Thank offering

From Wikipedia, the free encyclopedia
Jump to: navigation, search

The thank offering (Hebrew: תֹּודָה, pronounced Todah) or sacrifice of thanksgiving (Hebrew zevakh hatodah זֶבַח הַתֹּודָה ) was an optional offering under the Law of Moses.[1] This is also termed the "thanksgiving offering."[2]

If he offer it for a thanksgiving, then he shall offer with the sacrifice of thanksgiving unleavened cakes mingled with oil, and unleavened wafers anointed with oil, and cakes mingled with oil, of fine flour, fried.

— Lev 7:12 KJV

The Hebrew noun todah "thanksgiving" is derived from the Hiphil of the verb yadah (יָדָה) "to praise." In Psalm 107:22 and elsewhere no physical offering, only praise, is implied.[3]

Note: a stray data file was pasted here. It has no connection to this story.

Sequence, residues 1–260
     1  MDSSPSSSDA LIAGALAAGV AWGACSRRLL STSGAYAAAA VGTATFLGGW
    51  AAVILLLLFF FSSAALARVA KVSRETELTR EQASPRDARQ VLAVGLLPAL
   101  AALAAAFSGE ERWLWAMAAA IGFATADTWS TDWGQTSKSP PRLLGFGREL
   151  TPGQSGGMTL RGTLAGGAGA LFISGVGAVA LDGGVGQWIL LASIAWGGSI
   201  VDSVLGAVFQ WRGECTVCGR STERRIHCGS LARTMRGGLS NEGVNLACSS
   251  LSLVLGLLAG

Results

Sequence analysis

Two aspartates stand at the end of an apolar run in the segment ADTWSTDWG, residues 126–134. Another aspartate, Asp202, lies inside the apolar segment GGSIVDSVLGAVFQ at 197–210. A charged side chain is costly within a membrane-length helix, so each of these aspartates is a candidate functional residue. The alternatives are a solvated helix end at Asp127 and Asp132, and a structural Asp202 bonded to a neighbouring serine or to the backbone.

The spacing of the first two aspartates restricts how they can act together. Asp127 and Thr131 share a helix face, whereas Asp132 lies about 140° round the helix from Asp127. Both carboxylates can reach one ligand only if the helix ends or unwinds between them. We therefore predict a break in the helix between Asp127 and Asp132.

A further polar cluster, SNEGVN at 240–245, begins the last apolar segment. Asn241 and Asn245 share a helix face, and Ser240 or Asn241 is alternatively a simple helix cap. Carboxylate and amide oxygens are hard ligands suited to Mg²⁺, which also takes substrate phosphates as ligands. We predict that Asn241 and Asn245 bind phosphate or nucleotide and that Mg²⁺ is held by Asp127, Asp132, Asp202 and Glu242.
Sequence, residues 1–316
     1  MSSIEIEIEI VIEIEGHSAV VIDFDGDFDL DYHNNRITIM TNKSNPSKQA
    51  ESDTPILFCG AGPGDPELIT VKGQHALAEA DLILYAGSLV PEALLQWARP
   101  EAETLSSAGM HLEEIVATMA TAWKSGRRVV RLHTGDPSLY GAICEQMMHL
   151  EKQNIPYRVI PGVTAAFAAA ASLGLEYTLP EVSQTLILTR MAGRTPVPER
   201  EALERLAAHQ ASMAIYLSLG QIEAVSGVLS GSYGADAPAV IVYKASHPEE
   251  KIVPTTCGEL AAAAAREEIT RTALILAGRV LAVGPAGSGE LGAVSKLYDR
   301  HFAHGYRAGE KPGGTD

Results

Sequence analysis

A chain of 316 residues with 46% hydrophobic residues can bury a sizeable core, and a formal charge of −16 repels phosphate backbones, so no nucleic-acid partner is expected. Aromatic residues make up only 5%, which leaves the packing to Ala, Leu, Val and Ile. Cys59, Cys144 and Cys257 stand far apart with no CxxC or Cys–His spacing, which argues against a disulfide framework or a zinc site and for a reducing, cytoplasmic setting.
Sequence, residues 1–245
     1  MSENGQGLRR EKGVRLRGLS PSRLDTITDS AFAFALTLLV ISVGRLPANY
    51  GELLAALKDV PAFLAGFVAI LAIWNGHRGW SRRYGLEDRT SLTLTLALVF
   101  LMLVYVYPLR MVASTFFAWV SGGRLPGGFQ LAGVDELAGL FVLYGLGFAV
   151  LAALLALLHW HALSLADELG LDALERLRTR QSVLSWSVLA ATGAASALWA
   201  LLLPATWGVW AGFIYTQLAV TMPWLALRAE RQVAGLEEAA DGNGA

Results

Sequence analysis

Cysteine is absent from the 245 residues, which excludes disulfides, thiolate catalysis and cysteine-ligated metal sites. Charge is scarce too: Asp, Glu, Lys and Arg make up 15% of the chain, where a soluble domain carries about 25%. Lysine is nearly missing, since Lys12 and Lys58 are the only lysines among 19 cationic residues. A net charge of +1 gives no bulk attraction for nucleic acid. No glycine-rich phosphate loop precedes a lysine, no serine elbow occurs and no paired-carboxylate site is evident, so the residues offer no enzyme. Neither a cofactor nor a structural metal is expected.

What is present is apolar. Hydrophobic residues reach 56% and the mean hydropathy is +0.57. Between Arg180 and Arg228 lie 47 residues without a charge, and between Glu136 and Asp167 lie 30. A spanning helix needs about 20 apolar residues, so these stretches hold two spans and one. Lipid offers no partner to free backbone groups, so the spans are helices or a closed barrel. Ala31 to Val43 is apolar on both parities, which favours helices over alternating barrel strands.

References[edit]

  1. ^ The international standard Bible encyclopedia - Page 268 Geoffrey W. Bromiley 1995 "The thank offering (zebah hattodd) called for a cereal offering to accompany the animal sacrifice. Its purpose was to render an expression of thanks for deliverance or blessings granted. No previous promise or vow was involved"
  2. ^ The Jewish Study Bible: Featuring The Jewish Publication Society Adele Berlin, Marc Zvi Brettler, Michael Fishbane - 2003 "17 applies to the thanksgiving offering as well but would take place on the second day"
  3. ^ "Psalm 107:22". Bible Hub. Retrieved 24 January 2014. 

External links[edit]